The Paths of Leuca, the pilgrim’s ways in Salento
In the Middle Ages there were those who went on pilgrimage to Rome to pray on the tomb of the Apostle Peter, and those who continued to the port of Brindisi to embark on the journey to the Holy Land. They followed what we know today as the “Via Francigena”, one of the many paths of faith, which for centuries officially linked Northern Europe to our capital city until, in 2019, the General Assembly of The European Association of the Via Francigena Ways extended the certification of the itinerary to Santa Maria di Leuca. From Rome to De Finibus Terrae, passing through Brindisi, along the Southern Via Francigena.
A 3,200 km long bundle of routes that crosses a large part of the peninsula one stage after another – between mountain trails and country roads, Roman paved roads and ancient sheep tracks – and that allows pilgrims to find hospitality in the many villages, abbeys and resting places they meet along their way.
We have not had the luck to travel the entire bundle of the Via Francigena yet and we cannot give detailed information about it, but we can anticipate a little something about the Paths of Leuca. For those who are on holiday in Salento the two noteworthy paths are definitely the Via Leucadense and the Via Traiana-Calabra that connect Brindisi to Santa Maria di Leuca: the first runs entirely the hinterland of Salento, the second also stops along the Adriatic coast.
Paths of Leuca from Brindisi to De Finibus Terrae: the Via Leucadense
The Via Leucadense is an itinerary that winds through villages steeped in culture and fantastic rural landscapes, crossing the Serre Salentine. From Brindisi to Leuca, 128 km to discover the hinterland of Salento passing through stretches of cultivated fields, what remains of ancient centuries-old olive trees, vines, dry stone walls, pajare, crypts, votive chapels dedicated to Our Lady that preserves Latin, Greek and Byzantine testimonies; passing through the towns of Lecce, Galatina, Supersano, Alessano and Barbarano.
On this itinerary we would like to indicate in particular two places of great artistic and architectural value:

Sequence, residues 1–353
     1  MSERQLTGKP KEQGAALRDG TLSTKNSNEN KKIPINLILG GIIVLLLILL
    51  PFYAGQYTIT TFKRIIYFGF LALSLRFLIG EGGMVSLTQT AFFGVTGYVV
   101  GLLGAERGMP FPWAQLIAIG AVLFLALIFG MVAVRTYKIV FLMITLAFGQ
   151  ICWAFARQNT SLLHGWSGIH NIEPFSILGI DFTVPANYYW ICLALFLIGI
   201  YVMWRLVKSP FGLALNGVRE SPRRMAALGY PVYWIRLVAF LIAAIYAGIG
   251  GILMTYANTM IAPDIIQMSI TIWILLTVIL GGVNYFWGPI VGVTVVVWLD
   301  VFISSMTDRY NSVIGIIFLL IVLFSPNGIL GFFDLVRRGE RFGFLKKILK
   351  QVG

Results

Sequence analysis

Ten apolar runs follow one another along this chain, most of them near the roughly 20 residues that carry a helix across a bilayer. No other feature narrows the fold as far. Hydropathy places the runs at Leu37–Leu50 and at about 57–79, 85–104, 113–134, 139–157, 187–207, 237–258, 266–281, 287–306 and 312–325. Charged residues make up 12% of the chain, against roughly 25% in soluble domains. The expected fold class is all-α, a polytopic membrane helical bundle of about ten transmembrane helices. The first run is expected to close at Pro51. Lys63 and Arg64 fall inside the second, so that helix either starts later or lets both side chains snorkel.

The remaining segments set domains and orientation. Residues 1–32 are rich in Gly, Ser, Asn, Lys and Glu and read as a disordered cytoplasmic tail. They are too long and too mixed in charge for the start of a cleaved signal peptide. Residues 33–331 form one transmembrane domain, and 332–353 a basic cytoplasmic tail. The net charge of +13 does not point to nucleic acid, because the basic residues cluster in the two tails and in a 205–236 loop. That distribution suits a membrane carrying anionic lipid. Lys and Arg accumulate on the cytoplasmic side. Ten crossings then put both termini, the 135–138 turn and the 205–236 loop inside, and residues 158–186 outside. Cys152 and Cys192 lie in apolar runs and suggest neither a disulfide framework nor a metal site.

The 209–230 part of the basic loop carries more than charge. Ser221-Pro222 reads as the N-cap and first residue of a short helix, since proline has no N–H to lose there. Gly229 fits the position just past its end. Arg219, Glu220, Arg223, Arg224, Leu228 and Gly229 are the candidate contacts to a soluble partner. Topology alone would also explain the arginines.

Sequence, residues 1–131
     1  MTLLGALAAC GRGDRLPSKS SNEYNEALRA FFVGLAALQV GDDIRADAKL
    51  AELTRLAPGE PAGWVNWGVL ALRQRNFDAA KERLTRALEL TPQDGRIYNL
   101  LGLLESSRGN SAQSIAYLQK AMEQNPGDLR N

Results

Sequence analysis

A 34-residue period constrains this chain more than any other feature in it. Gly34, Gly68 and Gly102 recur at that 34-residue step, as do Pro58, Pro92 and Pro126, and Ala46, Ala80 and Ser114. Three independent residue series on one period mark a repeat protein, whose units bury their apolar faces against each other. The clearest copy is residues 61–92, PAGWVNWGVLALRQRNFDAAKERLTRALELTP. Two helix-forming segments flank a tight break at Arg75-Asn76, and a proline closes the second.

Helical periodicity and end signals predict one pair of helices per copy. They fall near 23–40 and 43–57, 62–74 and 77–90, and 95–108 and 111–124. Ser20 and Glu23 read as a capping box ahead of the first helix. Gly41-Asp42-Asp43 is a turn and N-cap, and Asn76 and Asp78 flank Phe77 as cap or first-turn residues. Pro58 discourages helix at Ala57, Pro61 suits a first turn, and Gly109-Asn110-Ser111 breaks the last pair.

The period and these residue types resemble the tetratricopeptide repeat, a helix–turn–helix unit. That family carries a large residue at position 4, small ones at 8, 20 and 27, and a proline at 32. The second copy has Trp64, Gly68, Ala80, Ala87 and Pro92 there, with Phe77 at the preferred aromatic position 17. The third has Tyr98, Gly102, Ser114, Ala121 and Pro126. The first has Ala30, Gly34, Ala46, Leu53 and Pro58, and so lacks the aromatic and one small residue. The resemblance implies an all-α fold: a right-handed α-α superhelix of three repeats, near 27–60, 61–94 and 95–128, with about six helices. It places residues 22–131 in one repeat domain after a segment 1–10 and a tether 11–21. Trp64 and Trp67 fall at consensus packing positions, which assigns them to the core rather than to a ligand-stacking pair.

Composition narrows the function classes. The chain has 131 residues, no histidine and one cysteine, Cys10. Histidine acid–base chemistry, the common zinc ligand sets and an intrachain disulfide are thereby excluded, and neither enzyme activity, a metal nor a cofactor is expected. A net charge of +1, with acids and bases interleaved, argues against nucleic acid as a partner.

- The Basilica of Santa Caterina d’Alessandria in Galatina, the most famous of the monuments of Apulia’s Romanesque and Gothic art, embellished with extraordinary frescoes of the 15th
- The sanctuary of Santa Maria del Belvedere in Barbarano, better known as the complex of “Leuca Piccola”, a historic reference point for pilgrims who were looking for a shelter to rest before getting back on their religious journey to Santa Maria di Leuca.
Paths of Leuca from Brindisi to De Finibus Terrae: the Via Traiana-Calabra
Let us start from a little curiosity: the Via Traiana-Calabra retraces an ancient Roman road and today it is the extension of the road that connected Brindisi to Otranto. There is no historical certainty about the reason for the name, but it seems that in Roman times the eastern part of the Salento peninsula was called Calabria.
But back to the more technical details… 161 km from Brindisi to De Finibus Terrae, with a route – suitable for hikers and beginners – that can be covered on foot or by bike.
It reaches places of great historical and landscape value such as – just to name a few – the forest of Cerano, the archaeological site Valesium of Torchiarolo, the dolmens and menhirs of Giurdignano, the Romanesque abbey of Santa Maria di Cerrate, the beautiful historic centres of Lecce and Otranto. A journey through rock churches, crypts, underground oil mills, coastal towers and wonderful views of the Adriatic coast of Santa Cesarea Terme, Castro and Tricase that mark the road that leads to the Basilica Sanctuary of Santa Maria di Leuca.
The Paths of Leuca as the maximum expression of slow tourism
The peculiarity of these itineraries is not only in their religious imprint, in the beauty of a landscape that is the perfect combination of nature and architecture, in the spell of unforgettable sunrises and sunsets; the peculiarity of the Paths of Leuca is in the maximum expression of that slow rhythm typical of Salento that many envy us. The direct contact, authentic and “slowed down” with the history, traditions and flavours of the territory.
An unmissable experience for slow tourism lovers.